TAMPA, Fla. (WFLA) — It’s back – and we love it! Saharan dust is stretching across the Atlantic, which lowers our potential for tropical development.

Saharan dust starts over the Sahara Desert of Africa as a large area of dry, dusty air. The layer, or mass of air, can get caught up in atmospheric winds and travel great distances – often crossing the Atlantic Ocean during the early parts of summer.

Wait…is the dust harmful?

Nope! Most Saharan dust stays about a mile above the surface. Since it’s suspended so high in the atmosphere, that means we won’t be breathing it in.

And to clear up one of the most common misconceptions, this is not a typical “dust storm.”

The dust can, however, make for spectacular sunsets thanks to Rayleigh scattering off of the dust particles.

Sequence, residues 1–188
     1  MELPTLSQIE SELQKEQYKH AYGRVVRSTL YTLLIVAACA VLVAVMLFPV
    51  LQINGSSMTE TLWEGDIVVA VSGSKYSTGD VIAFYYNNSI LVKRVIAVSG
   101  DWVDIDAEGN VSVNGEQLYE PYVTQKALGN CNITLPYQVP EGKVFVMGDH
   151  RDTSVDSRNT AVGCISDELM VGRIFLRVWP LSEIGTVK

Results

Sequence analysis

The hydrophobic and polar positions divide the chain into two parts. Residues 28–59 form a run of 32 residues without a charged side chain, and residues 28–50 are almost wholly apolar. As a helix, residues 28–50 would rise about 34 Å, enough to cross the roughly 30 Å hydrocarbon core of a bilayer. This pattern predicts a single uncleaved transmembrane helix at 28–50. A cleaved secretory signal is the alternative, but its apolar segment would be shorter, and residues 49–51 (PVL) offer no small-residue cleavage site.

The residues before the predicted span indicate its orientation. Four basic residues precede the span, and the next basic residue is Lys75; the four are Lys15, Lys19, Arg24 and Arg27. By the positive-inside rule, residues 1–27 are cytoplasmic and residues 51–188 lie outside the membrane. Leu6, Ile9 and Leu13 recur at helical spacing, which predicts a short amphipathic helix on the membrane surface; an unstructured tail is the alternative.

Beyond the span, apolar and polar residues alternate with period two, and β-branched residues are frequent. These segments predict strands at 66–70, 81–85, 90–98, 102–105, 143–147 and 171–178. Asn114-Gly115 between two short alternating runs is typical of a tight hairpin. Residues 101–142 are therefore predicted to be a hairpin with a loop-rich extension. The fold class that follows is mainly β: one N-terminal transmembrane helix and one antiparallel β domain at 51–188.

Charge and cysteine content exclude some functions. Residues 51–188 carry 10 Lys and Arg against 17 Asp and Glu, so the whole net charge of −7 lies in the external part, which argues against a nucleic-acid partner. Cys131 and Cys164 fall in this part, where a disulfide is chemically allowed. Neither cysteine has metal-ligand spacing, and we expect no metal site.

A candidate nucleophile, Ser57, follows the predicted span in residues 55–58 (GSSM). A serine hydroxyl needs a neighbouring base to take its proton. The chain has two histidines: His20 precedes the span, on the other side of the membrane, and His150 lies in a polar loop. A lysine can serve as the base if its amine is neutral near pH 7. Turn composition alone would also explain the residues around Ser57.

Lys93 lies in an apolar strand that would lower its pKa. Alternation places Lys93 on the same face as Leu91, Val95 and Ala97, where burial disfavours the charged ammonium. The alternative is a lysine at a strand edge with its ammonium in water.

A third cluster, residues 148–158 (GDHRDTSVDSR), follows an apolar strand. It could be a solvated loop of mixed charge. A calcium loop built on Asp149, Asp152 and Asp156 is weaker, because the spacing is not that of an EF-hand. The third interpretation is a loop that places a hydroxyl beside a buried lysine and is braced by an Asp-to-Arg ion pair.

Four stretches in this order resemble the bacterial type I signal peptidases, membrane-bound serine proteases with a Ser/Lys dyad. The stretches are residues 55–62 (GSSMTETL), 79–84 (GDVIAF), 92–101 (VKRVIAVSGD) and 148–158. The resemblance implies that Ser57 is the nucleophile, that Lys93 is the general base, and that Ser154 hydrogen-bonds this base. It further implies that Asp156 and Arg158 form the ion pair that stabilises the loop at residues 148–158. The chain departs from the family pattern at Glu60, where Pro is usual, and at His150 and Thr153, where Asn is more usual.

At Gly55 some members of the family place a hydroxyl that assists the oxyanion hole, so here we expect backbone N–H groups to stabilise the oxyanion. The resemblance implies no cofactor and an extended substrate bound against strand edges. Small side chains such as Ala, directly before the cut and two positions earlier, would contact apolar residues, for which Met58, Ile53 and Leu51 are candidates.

Keeping tropics quiet

When Saharan dust is traveling over the Atlantic as it is now, the dryness and strong wind shear typically squashes the potential for tropical storms and hurricanes to develop and weakens any existing storms.

“Saharan Dust is usually around during the beginning of the season to help suppress formation, but when the hurricane season really ramps up in the fall, it’s not really a factor,” Chief Meteorologist Steve Jerve said.

Saharan dust “season” runs from mid-June to mid-August and peaks in late June. Scientists track the layer of dry, dusty air via satellite.

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